By DAH IKHWAN
BATANG Sadong MP Datuk Seri Nancy Shukri was so incensed when she was reported in the papers for claiming that Sarawakians still want Datuk Seri Najib Razak back as prime minister.
It occurred to me that something was amiss when it sounded so controversial and was portrayed differently in different media.
After reading various versions of her remark, I noted that this actually started with a controversial headline carried in The Sun and The Borneo Post.
Two other papers, Malay Mail Online and Free Malaysia Today, however, avoided using the controversial headline.
Subsequently, I contacted Nancy for clarification, and she sent me the video of the controversial speech at a forum organised by the Institute of Democracy and Economic Affairs in Kuala Lumpur on June 28.
It was an impassioned and lengthy deliberation on Sarawak rights, an issue that had been sidelined by the federal government for such a long time.
It was a plea, apparently to Malayan audience, to understand the current struggle to regain those rights.
She further dwelled on Najib and how Sarawakians deeply appreciated his genuine understanding and sincerity to help.
After all, Najib made more than 60 visits to Sarawak during his nine years in office, a feat far exceeding those of any other prime minister.
She further reminded that Najib brought more development projects to Sarawak, including the Pan Borneo Highway.
She, however, said in one line that Sarawakians who genuinely believed in politics of development still want Najib.
This was the controversial statement that was interpreted by certain newspapers as claiming that the majority of Sarawakians still accept Najib.
Readers, kindly note the term ‘politics of development’ used in the above sentence. Non-Sarawakians may be forgiven for not knowing the significance of the phrase since it does not sound catchy.
But, for most Sarawakians, they have been raised and inculcated with this political concept right from the time when Tun Abdul Taib Mahmud became chief minister almost 40 years ago.
Politics of development was actually meant to focus the attention of Sarawak people primarily on the need for development.
Any form of politics must be development oriented rather than politics of racial and religious divide, politics of hatred, and ones filled with gossips, prevalent nowadays, intended to kill political careers of leading figures.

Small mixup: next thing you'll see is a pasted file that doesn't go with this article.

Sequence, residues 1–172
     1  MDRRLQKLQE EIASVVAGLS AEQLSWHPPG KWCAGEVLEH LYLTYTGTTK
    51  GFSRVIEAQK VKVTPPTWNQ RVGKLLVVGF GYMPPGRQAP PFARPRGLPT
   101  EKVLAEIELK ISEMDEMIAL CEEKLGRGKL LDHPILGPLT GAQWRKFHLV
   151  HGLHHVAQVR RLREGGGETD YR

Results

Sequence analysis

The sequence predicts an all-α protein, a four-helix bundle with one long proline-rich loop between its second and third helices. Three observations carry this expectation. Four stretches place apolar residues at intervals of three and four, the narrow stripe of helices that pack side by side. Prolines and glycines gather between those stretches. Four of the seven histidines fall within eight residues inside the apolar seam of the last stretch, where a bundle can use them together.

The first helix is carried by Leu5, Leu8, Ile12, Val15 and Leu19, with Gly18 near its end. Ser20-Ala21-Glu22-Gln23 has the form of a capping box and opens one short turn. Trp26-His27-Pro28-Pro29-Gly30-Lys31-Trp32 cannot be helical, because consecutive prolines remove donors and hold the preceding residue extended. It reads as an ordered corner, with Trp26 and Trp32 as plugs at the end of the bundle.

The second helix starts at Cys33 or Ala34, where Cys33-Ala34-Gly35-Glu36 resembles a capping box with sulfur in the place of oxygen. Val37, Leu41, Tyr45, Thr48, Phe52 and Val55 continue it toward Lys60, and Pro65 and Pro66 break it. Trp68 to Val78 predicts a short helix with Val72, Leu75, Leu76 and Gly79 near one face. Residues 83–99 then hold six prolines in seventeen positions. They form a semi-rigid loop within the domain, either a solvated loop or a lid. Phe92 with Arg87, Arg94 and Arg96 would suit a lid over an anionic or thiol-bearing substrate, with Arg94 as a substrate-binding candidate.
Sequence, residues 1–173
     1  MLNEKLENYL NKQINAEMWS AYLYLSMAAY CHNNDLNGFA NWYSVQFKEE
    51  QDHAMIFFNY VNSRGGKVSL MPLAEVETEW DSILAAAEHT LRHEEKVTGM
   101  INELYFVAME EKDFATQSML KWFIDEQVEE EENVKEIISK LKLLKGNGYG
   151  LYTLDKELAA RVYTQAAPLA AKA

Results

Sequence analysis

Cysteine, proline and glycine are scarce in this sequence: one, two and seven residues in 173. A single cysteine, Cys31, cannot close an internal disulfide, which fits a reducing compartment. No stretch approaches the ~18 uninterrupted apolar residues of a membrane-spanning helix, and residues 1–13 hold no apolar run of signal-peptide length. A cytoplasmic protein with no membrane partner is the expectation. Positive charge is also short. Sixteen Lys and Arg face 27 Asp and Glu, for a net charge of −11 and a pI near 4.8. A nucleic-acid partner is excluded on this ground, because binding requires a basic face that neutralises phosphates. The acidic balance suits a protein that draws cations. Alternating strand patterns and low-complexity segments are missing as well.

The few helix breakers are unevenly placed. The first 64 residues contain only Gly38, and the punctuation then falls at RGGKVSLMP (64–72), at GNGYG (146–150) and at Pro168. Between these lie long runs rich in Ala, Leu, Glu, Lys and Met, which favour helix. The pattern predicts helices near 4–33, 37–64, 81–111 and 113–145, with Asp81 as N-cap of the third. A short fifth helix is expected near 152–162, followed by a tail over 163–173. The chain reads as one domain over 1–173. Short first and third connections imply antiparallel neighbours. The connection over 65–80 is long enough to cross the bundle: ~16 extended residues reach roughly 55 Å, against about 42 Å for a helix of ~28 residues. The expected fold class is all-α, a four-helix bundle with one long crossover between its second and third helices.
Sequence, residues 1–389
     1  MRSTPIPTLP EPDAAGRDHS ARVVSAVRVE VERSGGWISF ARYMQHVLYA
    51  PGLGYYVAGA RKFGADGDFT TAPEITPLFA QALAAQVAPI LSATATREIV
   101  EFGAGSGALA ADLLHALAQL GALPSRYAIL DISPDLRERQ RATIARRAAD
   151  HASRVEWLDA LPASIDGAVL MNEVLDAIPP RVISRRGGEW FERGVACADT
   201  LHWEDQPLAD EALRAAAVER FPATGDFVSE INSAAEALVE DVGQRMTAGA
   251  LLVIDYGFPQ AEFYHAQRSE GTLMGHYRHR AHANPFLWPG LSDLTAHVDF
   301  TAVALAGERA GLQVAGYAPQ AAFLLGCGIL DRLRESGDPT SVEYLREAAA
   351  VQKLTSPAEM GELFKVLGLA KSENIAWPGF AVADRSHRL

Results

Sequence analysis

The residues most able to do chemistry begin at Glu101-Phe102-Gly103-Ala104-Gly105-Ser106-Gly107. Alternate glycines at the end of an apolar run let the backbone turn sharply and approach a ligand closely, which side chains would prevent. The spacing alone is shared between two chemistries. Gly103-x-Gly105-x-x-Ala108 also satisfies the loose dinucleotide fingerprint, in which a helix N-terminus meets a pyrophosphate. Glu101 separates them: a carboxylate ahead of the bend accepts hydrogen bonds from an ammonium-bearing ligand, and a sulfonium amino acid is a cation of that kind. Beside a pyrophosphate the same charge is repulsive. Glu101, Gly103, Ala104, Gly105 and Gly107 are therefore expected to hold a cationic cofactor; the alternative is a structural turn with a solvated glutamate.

Hence, Najib’s popularity could be best understood in Sarawak in terms of his strong commitment to Sarawak’s politics of development.
Upon my request for comment, Nancy, however, denied the controversial claims made by the papers. After reviewing the video, I believe she is right; nowhere in the video did she mention that Sarawakians still want Najib.
In fact, what she meant was that many Sarawakians will still welcome Najib, not as prime minister, but to come just as he was welcomed in other states.
I don’t see any problem with that statement since she was referring to a current phenomenon of Najib’s revived popularity as Bossku, especially among young Malays in Peninsular Malaysia.
If young Malays who rejected him there in the last general election willingly reaccept him, there is no reason for the majority of Sarawakian Bumiputras to dislike him now. After all, Barisan Nasional (BN) under Najib won majority votes in Sarawak in the last general election.
Sarawakians appreciate and are thankful to the person who has done a lot of good for them. Hence, they appreciated Najib and BN, and gave the alliance majority votes in the last general election with very strong support from the rural areas.
In this context, Nancy was right to say that all those who genuinely believe in politics of development still want Najib. She spoke on her own behalf and did not represent her party.
Sarawakians are friendly, tolerant and are a thankful lot. I’m one of those keen and dedicated political analysts in the country, making use of statistical analysis to uncover voting trends of voters since the last few general elections.
I often came out earliest making use of adaptation from econometric models that I learned in universities in my younger days.
Glancing through Bahasa tabloid Suara Sarawak recently, I noted that virtually all youngsters interviewed still expressed appreciation for Najib’s contribution to Sarawak.
Of course, Sarawakians know that Najib has lost the last general election, and the national and international corruption scandal weigh down on him heavily.
BN, no longer the government at both the federal and state levels, is now here replaced with Gabungan Parti Sarawak.
While the previous BN state government had fought for politics of development with some success in the state, Sarawak has contributed a lot to development of the nation.
The time is now right to fight for ourselves. Let’s move on. Let’s all fight for autonomy and let’s fight for ‘Sarawak First’.
The views expressed are those of the author and do not necessarily reflect the official policy or position of the New Sarawak Tribune.